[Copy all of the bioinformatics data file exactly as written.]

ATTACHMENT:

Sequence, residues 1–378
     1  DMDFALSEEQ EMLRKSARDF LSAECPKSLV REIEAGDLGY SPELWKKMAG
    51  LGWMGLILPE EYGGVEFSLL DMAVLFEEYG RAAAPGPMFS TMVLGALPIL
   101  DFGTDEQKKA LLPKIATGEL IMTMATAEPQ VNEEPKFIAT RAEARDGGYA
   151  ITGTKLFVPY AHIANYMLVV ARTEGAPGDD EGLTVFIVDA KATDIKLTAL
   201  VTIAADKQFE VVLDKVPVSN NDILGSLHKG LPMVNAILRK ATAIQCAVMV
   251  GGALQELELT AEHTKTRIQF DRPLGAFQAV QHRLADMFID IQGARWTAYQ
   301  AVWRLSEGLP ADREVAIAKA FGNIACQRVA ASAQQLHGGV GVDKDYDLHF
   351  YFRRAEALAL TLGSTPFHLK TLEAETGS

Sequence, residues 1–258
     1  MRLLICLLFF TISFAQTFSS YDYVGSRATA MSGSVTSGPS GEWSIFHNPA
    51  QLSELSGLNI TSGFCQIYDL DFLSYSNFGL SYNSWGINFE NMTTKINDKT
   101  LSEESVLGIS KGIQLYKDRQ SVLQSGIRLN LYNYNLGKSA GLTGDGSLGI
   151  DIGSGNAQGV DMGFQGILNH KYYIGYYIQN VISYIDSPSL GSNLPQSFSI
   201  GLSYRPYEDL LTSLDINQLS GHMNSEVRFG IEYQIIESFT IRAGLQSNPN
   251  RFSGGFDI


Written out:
Sequence, residues 1–378
     1  DMDFALSEEQ EMLRKSARDF LSAECPKSLV REIEAGDLGY SPELWKKMAG
    51  LGWMGLILPE EYGGVEFSLL DMAVLFEEYG RAAAPGPMFS TMVLGALPIL
   101  DFGTDEQKKA LLPKIATGEL IMTMATAEPQ VNEEPKFIAT RAEARDGGYA
   151  ITGTKLFVPY AHIANYMLVV ARTEGAPGDD EGLTVFIVDA KATDIKLTAL
   201  VTIAADKQFE VVLDKVPVSN NDILGSLHKG LPMVNAILRK ATAIQCAVMV
   251  GGALQELELT AEHTKTRIQF DRPLGAFQAV QHRLADMFID IQGARWTAYQ
   301  AVWRLSEGLP ADREVAIAKA FGNIACQRVA ASAQQLHGGV GVDKDYDLHF
   351  YFRRAEALAL TLGSTPFHLK TLEAETGS

Sequence, residues 1–258
     1  MRLLICLLFF TISFAQTFSS YDYVGSRATA MSGSVTSGPS GEWSIFHNPA
    51  QLSELSGLNI TSGFCQIYDL DFLSYSNFGL SYNSWGINFE NMTTKINDKT
   101  LSEESVLGIS KGIQLYKDRQ SVLQSGIRLN LYNYNLGKSA GLTGDGSLGI
   151  DIGSGNAQGV DMGFQGILNH KYYIGYYIQN VISYIDSPSL GSNLPQSFSI
   201  GLSYRPYEDL LTSLDINQLS GHMNSEVRFG IEYQIIESFT IRAGLQSNPN
   251  RFSGGFDI